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Big pharma yet to warm up to drug resistance

01 June 2012 | Analysis | By BioSpectrum Bureau

Big pharma yet to warm up to drug resistance

Escherichia coli, a major cause of urinary tract infections, is becoming increasingly resistant to fluoroquinolones

Escherichia coli, a major cause of urinary tract infections, is becoming increasingly resistant to fluoroquinolones

Singapore: Drug resistance and patent expiries are demanding that the antibacterial drug market moves forward soon, but a current lack of interest among pharmaceutical companies has led to market stagnation, according to a new report by healthcare expert GBI Research.

The new report says that while hospital hygiene campaigns to conquer Methicillin-resistant Staphylococcus aureus (MRSA), public awareness of the importance of antibacterials, researchers are struggling to secure interest of commercial giants who can push new discoveries through the clinical pipeline. MRSA is a strain of staph bacteriaencourage.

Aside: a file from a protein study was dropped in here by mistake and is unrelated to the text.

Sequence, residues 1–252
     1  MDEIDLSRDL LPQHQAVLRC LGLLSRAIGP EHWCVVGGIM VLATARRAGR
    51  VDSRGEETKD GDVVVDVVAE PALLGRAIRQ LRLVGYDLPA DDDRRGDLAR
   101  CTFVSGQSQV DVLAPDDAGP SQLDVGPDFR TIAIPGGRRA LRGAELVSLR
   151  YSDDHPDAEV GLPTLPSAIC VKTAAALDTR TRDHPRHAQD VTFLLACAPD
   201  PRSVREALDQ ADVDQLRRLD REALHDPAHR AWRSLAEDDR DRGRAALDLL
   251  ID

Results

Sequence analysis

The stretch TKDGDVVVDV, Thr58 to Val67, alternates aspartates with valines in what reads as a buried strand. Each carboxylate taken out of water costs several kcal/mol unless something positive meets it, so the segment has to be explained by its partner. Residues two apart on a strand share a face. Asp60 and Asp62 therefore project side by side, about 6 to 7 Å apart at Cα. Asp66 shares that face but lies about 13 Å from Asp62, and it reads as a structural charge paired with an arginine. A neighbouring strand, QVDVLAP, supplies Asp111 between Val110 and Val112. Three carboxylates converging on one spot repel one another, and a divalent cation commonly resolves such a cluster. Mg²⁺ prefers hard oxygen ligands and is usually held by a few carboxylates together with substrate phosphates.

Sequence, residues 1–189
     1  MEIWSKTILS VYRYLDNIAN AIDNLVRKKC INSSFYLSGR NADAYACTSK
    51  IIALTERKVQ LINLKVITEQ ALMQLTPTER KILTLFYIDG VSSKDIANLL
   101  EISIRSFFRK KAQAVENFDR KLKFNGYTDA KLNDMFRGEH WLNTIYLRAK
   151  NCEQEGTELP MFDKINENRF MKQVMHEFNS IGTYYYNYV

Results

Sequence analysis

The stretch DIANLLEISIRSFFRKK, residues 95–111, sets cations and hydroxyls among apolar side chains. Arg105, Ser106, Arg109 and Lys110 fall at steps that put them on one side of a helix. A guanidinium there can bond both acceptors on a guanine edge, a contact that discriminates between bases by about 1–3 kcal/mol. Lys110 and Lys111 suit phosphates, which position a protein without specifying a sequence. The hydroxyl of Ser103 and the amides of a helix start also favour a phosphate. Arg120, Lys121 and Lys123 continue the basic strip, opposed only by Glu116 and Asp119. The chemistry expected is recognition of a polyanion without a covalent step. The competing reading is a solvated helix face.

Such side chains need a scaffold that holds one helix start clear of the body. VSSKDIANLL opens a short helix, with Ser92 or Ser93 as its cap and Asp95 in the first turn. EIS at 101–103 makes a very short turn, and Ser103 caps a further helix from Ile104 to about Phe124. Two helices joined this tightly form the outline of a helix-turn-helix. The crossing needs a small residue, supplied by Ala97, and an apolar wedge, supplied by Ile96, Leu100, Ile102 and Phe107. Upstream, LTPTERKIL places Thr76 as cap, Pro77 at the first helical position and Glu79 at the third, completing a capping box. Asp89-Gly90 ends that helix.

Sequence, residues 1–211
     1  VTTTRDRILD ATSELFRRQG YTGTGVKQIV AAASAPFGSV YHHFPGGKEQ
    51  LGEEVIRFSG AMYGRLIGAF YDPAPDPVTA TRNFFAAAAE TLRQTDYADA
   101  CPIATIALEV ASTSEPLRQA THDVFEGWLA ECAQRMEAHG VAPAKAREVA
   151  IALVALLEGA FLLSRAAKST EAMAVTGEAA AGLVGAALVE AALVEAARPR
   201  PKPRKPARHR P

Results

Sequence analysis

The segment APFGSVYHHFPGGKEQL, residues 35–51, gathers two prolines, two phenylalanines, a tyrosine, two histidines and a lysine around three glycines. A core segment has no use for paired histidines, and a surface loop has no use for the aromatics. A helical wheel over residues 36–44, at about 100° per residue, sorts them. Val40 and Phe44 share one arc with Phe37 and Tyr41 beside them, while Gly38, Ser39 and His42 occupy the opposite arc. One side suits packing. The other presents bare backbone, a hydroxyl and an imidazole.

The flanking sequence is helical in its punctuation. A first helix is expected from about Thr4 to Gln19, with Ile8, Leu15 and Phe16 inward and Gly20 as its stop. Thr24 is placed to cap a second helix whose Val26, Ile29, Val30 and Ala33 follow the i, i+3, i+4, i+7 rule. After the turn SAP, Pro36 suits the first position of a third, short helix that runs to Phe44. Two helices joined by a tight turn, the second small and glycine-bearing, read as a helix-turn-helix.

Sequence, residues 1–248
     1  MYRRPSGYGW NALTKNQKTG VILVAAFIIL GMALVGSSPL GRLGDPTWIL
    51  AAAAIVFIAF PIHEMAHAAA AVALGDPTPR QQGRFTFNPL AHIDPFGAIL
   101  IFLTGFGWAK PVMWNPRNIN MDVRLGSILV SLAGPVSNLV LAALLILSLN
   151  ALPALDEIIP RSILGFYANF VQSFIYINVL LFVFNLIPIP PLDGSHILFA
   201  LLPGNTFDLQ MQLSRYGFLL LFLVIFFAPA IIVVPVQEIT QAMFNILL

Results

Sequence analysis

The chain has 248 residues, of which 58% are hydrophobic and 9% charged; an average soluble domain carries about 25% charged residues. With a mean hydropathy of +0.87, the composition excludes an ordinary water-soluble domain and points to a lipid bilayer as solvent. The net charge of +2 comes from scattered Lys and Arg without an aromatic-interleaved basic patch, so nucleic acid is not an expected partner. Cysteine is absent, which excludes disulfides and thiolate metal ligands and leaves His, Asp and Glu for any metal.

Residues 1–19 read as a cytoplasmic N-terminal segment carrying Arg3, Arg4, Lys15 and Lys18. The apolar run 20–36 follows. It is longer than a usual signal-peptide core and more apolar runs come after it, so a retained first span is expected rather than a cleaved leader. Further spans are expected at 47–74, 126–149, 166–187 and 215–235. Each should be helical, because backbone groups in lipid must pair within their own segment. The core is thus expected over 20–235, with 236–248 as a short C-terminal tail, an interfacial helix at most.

One major issue threatening the antibacterials market is the development of drug resistance. Increasing use of antibacterials is leading bacteria to evolve over time and develop resistance to the drugs used to treat the conditions caused by them. As antibiotic prescription increases, the rate of resistance is also increasing.

Escherichia coli, a major cause of urinary tract infections (UTIs), has become increasingly resistant to fluoroquinolones, while multi-drug resistant tuberculosis (MDR-TB) is also on the rise.

Despite the rising unmet need caused by drug resistance, the lack of interest in meeting the market demands is possibly due to the recent slumps in drug prices and increased competition. Several popular branded antibacterial products have recently lost their patent exclusivity, or are expected to lose it soon.

The recent patent expiry of Johnson and Johnson's blockbuster antibiotic Levaquin led to a dip in overall market revenue, as this drug is used in multiple indications. The high proportion of cheaper generic products has led to a reduction of the average annual cost of therapy and fragmented the market.

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